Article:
Crowdfunding, where people use an online platform to advertise their projects to a virtual community and raise money in exchange for rewards, can be emotionally draining, challenging and advantageous. It can oscillate between exhilaration and extreme hard work, but it can reap rewards. Tallie Maughan, 32, successfully crowdfunded for Turning Earth Ceramics, an open-access ceramics members’ studio in Hoxton, two years ago. “It was the hardest year of my life,” she said, “closely followed by the second hardest year of my life which was the year we actually set up.” By talking to the real experts – the people who have successfully used crowdfunding to realise their dreams – ELL have compiled a brief guide to help you kick-start your own project.
First, you need to find a platform that best suits your project. Kickstarter, Crowdfunder and Indiegogo are some of the big names at the moment. Phundee, a Shoreditch-based entertainment and arts crowdfunding platform, launched in December 2014 and has been named one of the top 100 tech companies to look out for in 2015. The CEO, 29-year-old Ashton Spooner, is a great believer in the power of the community which is created when raising funds for a project: “If you tap into crowdfunding you can see the thing you always wanted to make happen or believe in come to reality… You create an audience or fan base who really care and who will stay with you forever.”
It is vital you have a clear, defined idea, Spooner says, so people understand what you are proposing and the business they are buying into. Crowdfunding is all about preparation and without it, failure is inevitable. It’s crucial you know and understand your market, too. Maughan carried out multiple surveys in order to establish how much need there was for the studio. She advises: “Find the nearest successful comparable business or venture to [yours] and study it completely.” You need to know your area better than anyone else. Indeed, Maughan was so well prepared that when she took her whopping 100-page business plan to the bank they were astounded and said it was the best they’d seen in five years.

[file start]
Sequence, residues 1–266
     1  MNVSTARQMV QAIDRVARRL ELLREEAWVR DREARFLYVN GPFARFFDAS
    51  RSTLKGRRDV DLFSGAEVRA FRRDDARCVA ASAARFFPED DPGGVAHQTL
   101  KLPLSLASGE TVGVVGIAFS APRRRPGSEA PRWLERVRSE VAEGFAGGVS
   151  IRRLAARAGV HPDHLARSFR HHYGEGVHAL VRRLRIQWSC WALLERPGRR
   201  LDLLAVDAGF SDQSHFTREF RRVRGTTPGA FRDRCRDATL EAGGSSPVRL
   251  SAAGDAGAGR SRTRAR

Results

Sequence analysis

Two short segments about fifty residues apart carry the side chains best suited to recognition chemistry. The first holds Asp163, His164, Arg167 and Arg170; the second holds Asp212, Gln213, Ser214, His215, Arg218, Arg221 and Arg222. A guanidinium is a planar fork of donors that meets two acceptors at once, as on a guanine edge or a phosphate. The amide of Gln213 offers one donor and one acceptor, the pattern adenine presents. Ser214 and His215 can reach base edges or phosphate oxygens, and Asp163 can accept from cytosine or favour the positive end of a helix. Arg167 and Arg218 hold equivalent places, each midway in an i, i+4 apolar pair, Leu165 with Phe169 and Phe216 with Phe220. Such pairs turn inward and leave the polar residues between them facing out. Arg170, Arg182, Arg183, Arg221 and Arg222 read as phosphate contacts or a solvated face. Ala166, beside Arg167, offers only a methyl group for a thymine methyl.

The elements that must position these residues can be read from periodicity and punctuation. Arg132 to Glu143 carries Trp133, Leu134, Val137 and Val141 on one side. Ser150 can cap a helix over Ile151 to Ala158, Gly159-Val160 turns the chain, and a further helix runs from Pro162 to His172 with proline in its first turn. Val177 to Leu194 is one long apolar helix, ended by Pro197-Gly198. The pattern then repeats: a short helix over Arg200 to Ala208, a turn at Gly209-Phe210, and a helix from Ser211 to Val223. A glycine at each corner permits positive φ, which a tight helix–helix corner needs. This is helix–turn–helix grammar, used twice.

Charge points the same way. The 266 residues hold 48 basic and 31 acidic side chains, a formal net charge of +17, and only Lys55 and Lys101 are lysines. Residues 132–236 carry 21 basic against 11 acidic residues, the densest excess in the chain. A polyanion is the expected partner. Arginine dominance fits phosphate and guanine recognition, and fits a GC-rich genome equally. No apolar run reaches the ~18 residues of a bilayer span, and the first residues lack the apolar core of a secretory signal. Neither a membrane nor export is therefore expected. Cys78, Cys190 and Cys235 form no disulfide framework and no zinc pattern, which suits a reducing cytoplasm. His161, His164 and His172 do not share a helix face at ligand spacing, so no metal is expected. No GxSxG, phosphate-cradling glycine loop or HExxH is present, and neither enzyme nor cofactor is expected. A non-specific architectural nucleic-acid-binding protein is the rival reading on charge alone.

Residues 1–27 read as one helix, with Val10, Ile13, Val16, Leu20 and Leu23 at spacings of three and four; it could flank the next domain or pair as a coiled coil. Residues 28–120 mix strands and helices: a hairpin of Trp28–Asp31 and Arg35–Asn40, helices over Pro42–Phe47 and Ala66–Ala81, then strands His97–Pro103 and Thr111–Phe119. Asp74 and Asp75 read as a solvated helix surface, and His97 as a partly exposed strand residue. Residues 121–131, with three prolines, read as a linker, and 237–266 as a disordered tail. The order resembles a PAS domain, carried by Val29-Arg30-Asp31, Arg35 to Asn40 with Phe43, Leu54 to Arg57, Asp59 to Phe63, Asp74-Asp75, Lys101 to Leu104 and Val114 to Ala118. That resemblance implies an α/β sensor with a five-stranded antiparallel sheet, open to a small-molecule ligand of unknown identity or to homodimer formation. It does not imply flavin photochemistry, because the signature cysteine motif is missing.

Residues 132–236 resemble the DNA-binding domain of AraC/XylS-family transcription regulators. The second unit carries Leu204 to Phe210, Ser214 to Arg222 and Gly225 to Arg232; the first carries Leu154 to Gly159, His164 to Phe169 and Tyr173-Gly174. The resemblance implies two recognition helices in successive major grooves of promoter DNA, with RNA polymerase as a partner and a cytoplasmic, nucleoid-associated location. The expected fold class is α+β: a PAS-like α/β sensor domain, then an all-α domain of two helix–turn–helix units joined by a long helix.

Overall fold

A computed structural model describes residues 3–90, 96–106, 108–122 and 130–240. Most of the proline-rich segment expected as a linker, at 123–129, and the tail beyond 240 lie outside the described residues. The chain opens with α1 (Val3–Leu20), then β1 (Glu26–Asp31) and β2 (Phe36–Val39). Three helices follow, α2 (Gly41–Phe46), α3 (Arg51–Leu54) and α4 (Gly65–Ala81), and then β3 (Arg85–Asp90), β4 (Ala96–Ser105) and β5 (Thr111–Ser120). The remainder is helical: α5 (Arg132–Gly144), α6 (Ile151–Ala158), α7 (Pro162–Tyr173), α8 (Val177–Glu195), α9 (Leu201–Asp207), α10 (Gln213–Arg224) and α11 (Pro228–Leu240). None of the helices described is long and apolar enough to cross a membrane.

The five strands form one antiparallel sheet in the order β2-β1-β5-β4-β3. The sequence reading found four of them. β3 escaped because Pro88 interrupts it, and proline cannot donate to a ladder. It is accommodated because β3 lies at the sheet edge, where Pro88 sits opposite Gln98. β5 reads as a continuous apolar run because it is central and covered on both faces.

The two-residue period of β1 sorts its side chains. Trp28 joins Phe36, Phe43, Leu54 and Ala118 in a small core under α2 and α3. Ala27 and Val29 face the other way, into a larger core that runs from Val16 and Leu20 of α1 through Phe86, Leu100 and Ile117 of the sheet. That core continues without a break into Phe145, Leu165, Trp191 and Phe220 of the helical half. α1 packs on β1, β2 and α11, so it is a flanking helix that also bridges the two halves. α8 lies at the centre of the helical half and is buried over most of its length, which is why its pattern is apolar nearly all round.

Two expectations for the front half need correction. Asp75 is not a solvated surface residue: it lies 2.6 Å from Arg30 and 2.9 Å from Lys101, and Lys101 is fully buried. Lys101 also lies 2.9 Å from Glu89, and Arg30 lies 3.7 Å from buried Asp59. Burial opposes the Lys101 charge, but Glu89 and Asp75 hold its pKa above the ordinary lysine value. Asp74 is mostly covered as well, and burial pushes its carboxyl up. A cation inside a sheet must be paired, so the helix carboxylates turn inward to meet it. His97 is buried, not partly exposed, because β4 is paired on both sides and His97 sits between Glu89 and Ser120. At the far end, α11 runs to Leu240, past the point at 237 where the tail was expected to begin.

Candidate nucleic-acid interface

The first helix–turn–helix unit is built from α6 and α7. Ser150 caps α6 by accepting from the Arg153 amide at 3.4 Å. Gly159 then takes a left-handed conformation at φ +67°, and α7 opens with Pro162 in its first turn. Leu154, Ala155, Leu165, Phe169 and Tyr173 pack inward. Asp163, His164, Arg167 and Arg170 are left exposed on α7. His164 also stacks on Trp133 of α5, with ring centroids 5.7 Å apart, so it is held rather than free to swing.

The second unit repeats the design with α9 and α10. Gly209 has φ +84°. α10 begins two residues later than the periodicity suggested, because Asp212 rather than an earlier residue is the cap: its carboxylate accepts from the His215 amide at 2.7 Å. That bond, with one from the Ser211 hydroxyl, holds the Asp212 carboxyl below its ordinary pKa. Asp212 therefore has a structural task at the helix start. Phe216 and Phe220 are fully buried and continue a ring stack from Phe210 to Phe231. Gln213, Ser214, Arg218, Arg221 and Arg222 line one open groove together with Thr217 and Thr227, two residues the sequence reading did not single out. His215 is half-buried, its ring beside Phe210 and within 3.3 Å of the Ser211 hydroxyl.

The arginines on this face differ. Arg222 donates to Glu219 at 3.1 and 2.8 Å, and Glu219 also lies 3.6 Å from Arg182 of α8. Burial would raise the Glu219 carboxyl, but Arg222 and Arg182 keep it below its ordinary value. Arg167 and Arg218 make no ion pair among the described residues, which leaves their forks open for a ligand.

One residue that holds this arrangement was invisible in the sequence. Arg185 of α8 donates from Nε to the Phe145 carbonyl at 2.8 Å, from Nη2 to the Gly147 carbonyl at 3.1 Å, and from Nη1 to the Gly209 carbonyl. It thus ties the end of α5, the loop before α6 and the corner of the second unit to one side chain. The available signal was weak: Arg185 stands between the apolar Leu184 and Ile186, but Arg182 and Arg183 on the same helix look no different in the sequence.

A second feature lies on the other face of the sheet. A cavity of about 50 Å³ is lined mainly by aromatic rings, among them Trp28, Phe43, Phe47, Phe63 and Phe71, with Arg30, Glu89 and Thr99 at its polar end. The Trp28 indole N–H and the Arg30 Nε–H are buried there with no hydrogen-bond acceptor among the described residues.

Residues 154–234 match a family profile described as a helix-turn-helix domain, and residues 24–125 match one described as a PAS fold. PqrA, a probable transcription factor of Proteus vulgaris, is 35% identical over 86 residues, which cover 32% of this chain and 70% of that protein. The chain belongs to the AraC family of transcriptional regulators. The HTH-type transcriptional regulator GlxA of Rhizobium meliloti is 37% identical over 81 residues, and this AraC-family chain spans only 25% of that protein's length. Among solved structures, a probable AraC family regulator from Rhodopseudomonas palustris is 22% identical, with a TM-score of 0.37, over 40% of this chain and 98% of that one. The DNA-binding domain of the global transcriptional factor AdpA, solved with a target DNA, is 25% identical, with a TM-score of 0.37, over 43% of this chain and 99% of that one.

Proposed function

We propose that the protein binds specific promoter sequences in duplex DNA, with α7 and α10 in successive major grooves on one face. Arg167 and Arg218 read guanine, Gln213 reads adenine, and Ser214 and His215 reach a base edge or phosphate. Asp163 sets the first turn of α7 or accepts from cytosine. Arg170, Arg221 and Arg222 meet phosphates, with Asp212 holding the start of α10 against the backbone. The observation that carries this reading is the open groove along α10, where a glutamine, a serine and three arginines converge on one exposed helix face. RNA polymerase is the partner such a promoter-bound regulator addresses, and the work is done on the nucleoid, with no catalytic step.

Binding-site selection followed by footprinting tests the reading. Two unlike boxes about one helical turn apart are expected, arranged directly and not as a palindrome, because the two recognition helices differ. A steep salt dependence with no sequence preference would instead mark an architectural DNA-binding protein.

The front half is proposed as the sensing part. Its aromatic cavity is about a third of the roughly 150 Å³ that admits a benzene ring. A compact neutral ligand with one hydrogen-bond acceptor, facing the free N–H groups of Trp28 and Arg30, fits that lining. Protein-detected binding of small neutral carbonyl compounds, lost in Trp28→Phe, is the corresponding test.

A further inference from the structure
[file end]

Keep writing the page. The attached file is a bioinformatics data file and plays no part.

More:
We live in a digital age so unsurprisingly having a video is now considered a base-level requirement. Lauren Pears, 32, successfully crowdfunded London’s first ever cat café in Shoreditch two years ago. Here, for a small fee, café-goers, who long for a cat but are unable to have their own, can enjoy the company of ten rescued felines as well as refreshments. Pears explains: “It’s really important for people to see who they are investing in [in the video], that they’re not just investing in an idea but investing in you to do it… People really need to see you in the video. You can communicate more with your face than you can with words.” Yolanda Barker, from Ireland, moved people to donate to her film, ‘After I Saw You’, on Phundee by showing clips of the motion picture in her video.
Needless to say, there is no opportunity to rest when crowdfunding. “Make sure you’re active on social media every day, “ says Spooner, “Have a plan.” Pears had a novel approach to her use of social media dashboard, Hootsuite. She said: “We approached people who were badmouthing [the cat café] and converted them; it was one of the most effective ways of getting large contributions as those people felt they’d been listened to and their opinions had been taken on board.” Your relationship with your ‘crowd’ is very important as their emotional response can change very quickly if they feel they are being ignored or taken advantage of.
With reward-based crowdfunding, the crowd gain physical rewards, although campaigns such as Turning Earth provide a service and can give membership in exchange for donations. One filmmaker on Phundee offered his funders the role of a zombie in the movie they were helping him to make. At the Viktor Wynd Curiosity Museum in Hackney, which opened in November 2014 following a highly successful Kickstarter campaign, a donation of £5,000 won the donor the right to name the disabled toilet. “Name it after yourself, someone you love or someone you hate,” the museum suggested, “a perfect gift for your mother-in-law or ex”.
Maughan struggled for years for Turning Earth to come to fruition but it was the product of a lifelong dream; so much so that her computer’s desktop image pictured a pottery studio for five years before to help inspire her. She recommends anyone with a dream to do the same. She says: “Crowdfunding takes a huge amount of strength and resilience but if you do the research and put the work in, it can’t help but succeed, even if its not in the original way you saw it.”
Let’s get cracking shall we?